Some of the country's biggest companies say they're willing to see taxes go up as part of a budget deal, and many of the smallest companies seem to agree with them. According to a new poll from the Small Business Majority, the overwhelming majority of small businesses believe that cutting spending for education, health care and infrastructure would hurt the economy more than an income tax increase on the wealthiest 2 percent.
The findings seem to counter the prevailing view among Republicans and industry lobbyists that higher taxes on the country's top earners would significantly harm small businesses, many of whom file their taxes as individuals rather than C-corporations. The National Federation of Independent Business, for instance, wants to extend all of the Bush tax cuts for the next year, arguing that low rates allow small business owners to "keep more of their money to reinvest in and grow their business."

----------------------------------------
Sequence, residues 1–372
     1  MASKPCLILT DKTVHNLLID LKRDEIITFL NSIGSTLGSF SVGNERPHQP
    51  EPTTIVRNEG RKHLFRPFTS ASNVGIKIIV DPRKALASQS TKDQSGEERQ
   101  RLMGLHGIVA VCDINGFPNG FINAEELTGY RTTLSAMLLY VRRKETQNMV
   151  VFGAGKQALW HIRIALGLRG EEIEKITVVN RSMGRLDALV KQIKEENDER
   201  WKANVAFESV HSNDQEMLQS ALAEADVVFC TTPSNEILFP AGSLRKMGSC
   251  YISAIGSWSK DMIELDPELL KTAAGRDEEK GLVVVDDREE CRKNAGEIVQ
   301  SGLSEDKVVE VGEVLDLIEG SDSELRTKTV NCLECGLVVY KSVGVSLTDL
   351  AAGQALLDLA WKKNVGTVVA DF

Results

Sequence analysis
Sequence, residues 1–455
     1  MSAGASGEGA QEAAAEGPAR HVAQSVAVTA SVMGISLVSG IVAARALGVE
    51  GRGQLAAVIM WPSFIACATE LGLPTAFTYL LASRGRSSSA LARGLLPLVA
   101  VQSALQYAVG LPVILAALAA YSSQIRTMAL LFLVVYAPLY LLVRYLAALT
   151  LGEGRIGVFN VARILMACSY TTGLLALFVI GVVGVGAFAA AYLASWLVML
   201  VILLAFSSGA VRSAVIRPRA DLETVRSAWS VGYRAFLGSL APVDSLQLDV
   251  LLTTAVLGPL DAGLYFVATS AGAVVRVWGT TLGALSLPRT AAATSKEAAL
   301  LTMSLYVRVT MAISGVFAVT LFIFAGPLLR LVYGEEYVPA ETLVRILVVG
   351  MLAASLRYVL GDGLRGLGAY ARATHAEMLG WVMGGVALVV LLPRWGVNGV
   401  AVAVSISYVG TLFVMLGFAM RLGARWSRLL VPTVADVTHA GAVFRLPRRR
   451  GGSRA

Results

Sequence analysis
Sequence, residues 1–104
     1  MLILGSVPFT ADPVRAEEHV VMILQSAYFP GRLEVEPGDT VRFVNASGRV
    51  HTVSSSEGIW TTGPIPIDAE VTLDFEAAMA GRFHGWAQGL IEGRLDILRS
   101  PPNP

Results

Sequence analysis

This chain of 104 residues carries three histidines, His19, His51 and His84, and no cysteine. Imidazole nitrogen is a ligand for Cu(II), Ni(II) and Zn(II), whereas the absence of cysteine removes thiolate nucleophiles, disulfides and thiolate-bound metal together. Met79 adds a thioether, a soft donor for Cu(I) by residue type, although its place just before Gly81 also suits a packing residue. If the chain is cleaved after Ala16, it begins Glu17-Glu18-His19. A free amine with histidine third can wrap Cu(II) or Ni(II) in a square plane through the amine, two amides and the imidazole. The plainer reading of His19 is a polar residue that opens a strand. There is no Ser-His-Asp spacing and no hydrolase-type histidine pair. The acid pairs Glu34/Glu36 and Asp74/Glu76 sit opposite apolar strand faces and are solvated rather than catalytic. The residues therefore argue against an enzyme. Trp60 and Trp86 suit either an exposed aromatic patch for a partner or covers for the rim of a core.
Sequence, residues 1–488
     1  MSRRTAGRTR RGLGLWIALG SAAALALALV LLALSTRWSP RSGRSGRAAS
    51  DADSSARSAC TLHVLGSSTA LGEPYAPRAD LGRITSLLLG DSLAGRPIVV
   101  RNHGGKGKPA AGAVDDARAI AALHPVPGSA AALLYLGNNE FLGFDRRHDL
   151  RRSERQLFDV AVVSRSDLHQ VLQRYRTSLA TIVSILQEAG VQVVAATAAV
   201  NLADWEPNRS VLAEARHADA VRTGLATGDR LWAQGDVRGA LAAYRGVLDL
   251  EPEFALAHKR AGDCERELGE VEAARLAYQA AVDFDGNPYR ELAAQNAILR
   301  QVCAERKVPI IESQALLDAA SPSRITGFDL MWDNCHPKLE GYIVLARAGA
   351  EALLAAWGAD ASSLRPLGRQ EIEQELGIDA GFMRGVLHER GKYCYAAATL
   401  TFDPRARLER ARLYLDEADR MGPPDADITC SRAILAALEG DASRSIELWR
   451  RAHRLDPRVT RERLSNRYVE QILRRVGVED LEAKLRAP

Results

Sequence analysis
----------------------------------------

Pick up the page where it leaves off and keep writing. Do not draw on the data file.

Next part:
The Small Business Majority points out that the respondents to its poll span the political spectrum, with a rightward tilt. "47% of respondents identified as Republican or independent-leaning Republican, 35% as Democrat or independent-leaning Democrat and 8% as independent," the group says.
But while the respondents don't think that tax rates on the wealthiest should be the biggest priority, they are extremely concerned about taxes that would target their businesses more directly. The poll shows that 76 percent of small businesses are concerned about the expiration of the 2 percent cut in payroll taxes, and 81 percent are worried about the reduction in investments that small businesses can expense—a more obscure tax provision that's also slated to expire on Dec. 31.